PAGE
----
Jane Fonda is among the speakers tapped to mark the 50th anniversary of the Kent State shootings.
The 82-year-old actress and activist will highlight four days of events the Ohio university has planned to explore the lasting impacts of the events of May 4, 1970, which were considered pivotal in turning public sentiment against the Vietnam War.
On that day, the Ohio National Guard fired on students during an anti-war protest, killing four and injuring nine others.
Fonda, the daughter of actor Henry Fonda, was one of the most prominent figures of the anti-war movement — and one of the most divisive. When she allowed herself to be photographed atop a North Vietnamese anti-aircraft gun during a 1972 trip to Hanoi, many viewed it as an unforgivably traitorous act.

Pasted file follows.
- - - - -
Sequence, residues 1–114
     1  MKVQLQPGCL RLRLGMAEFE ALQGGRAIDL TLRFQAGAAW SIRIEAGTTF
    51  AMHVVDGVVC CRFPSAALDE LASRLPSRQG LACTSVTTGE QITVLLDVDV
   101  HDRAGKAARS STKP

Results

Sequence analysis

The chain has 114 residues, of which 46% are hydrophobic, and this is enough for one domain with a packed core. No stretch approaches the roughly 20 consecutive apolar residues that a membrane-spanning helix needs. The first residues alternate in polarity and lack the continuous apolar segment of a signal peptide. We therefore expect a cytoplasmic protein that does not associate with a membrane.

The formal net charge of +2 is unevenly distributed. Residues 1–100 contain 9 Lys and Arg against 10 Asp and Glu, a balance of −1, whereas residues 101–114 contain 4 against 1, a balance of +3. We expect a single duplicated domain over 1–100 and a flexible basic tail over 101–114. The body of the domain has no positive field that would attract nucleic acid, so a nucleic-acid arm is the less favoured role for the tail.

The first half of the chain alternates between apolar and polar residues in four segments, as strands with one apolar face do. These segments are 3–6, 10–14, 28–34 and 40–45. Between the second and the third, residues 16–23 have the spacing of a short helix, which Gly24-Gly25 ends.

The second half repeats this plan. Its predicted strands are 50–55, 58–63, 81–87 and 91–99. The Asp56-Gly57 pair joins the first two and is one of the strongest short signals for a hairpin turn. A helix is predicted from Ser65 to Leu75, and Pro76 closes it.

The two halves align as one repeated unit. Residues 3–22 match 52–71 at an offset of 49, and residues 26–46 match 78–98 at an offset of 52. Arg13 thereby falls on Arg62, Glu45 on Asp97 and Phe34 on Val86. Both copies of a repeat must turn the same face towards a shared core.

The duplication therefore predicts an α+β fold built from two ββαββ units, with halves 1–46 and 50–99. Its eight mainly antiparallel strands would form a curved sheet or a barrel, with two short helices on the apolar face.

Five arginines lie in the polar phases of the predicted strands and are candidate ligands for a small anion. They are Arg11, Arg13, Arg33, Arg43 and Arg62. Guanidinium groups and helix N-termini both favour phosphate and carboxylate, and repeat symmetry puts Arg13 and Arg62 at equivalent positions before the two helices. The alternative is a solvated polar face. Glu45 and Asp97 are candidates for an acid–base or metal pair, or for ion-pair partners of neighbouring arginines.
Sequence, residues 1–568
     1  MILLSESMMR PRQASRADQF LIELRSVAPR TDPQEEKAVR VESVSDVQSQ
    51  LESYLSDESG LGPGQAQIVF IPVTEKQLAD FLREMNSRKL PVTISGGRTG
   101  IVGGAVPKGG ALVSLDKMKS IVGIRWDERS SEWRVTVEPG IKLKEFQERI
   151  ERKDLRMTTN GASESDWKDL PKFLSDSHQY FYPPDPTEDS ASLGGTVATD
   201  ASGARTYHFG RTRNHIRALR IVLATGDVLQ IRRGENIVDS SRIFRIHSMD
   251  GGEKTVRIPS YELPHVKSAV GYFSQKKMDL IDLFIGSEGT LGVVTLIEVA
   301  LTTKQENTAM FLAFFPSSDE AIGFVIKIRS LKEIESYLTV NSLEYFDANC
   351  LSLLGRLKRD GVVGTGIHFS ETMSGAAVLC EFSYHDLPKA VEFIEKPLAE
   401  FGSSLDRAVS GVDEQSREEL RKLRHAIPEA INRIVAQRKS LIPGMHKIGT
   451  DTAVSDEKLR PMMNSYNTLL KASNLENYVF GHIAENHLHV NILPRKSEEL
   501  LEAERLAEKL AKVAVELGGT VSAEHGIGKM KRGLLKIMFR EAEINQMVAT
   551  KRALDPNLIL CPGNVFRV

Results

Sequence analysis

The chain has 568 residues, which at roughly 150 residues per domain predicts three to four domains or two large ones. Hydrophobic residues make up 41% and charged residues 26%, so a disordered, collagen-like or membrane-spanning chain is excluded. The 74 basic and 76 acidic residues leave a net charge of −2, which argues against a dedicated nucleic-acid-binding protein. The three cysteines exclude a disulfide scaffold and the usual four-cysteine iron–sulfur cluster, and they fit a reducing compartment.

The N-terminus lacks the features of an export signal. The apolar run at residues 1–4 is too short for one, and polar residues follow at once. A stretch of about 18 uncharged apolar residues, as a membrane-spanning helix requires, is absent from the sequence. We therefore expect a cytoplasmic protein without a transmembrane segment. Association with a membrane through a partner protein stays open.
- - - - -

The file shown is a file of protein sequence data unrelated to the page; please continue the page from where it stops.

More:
Fonda plans to reflect on that era, her life in social activism and the legacy of the Kent State shootings during her speech on May 3. The event is free and open to the public, but advance reserved tickets are required.
The commemoration marks the first time students, faculty, university staff and leadership, and May 4 survivors and family members have united around the idea that the date should be forever honored, planners said.
Special events running from May 1 to May 4 include educational forums, panels, speakers, a documentary film series and the annual candlelight march and silent vigil.
Each day is focused around a particular theme: May 1, the Vietnam anti-war movement; May 2, the impact of student activism; May 3, remembering the 50-year May 4 legacy; and May 4, honoring and remembering lives lost and forever changed.
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